What are the Filing Requirements for UK Companies?

By Caitlyn Buchanan, 10th January 2017

Forming a company requires a bit of extra paperwork but there are many benefits of keeping your business separate from your personal finances. For example, Corporation tax is likely to be less than personal tax as a sole trader. Since a business is its own legal entity any profits earned after taxes are owned by the company. You may be able to take home more earnings, if you pay yourself only a small salary and draw additional income from dividends. Dividends are taxed separately so you can minimize the National Insurance Contributions the company must pay.

Use this guide when incorporating a business in the UK and be aware of the filing deadlines.

 

Confirmation Statement

Formerly referred to an Annual Return, the Confirmation Statement must be submitted to Companies House at least once per year. When a new company is formed, you have one year and 28 days to submit your first statement. This submission does not include any of company’s financial information, it just illustrates various information of your company.

 

What do I need to provide?

•              Basic information –The full company name, registration number, registered office address standard and industrial classification or SIC code (standard industrial classification code).

•              Officer information –Details of the company’s Director, Shareholder and Secretary (optional). Director’s name, date of birth, occupation, service address and residential address. Just the name and residential address of your Shareholder and Secretary are required.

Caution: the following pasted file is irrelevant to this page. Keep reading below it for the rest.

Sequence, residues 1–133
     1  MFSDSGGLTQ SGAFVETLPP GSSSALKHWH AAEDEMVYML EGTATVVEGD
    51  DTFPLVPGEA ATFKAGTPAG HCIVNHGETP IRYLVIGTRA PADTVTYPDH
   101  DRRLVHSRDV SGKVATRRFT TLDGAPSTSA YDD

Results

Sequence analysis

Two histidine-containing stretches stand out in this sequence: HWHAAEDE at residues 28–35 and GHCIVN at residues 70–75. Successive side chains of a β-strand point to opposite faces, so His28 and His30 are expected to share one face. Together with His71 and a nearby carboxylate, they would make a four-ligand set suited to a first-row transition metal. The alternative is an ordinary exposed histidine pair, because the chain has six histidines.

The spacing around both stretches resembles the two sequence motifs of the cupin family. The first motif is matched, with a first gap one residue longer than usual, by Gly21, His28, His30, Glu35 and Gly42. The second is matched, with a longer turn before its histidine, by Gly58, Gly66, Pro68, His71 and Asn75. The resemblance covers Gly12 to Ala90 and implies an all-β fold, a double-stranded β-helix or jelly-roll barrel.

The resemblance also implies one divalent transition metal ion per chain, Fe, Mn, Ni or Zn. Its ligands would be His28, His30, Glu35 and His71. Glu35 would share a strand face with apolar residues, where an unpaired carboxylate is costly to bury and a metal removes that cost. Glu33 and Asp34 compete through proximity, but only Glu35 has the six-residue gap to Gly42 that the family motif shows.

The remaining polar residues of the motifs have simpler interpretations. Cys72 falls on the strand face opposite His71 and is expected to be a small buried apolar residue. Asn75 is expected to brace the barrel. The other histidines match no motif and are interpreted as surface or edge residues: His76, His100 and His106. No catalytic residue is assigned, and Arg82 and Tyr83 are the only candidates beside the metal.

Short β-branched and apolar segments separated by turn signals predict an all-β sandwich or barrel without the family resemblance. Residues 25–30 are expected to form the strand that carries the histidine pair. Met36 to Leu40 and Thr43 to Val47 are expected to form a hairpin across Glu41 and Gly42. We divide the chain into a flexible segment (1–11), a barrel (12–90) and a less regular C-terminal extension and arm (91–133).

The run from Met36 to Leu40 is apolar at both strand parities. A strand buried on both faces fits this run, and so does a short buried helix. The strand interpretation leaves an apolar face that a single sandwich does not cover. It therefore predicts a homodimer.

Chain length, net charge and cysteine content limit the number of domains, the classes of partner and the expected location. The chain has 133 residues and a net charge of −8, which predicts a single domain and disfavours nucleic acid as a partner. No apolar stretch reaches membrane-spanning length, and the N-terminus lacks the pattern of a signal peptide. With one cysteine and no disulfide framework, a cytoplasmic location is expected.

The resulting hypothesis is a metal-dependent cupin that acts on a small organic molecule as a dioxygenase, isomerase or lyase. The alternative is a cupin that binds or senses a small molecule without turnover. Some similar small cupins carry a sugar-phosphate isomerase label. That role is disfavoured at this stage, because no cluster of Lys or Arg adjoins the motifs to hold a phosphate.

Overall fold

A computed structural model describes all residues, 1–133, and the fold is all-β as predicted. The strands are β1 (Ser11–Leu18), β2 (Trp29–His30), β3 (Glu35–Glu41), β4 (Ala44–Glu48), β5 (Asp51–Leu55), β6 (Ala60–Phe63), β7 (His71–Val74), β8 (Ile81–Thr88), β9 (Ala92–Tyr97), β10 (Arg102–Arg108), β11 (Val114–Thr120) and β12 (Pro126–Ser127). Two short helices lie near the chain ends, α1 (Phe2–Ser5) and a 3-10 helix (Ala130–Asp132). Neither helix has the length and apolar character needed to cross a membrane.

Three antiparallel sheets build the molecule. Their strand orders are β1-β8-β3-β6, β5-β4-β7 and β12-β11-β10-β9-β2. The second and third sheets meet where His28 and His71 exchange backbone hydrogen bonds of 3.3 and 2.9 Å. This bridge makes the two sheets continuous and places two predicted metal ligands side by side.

•              Share information – Breakdown of shares and number of shares held.

 

What happens if I don’t file?

All Company’s active and dormant must submit a confirmation statement at least once a year. If you don’t file, the registrar may assume the company is no longer carrying out business and take steps to strike it from the register. If a company gets stricken from the register it will cease to exist and its assets will become property of The Crown.

For more information visit GOV.UK/Confirmation-Satement 

 

 

Statutory Accounts

At the end of the company’s financial year annual accounts from the financial records are to be prepared and filed with Companies House. This process is more simple for small businesses. You qualify as a small business if within the financial year, turnover was less than £6.5m, there is less than £3.26m in reserves and the company employees less than 50 people.

 

What do I need to provide?

•              Balance sheet –This shows the company’s worth at the date of the financial period end date. Assets – Liabilities = Equity & Reserves

•              Profit & loss – Includes details of company sales, operating cost and profit/ loss for the past year.

•              Director report – This is a detailed report used to assess how the company is complying with financial or accounting standards.

 

Statutory accounts can be filed online with your annual return, visit GOV.UK/Annual-Return to learn more. Or Contact Us for information on our filing service.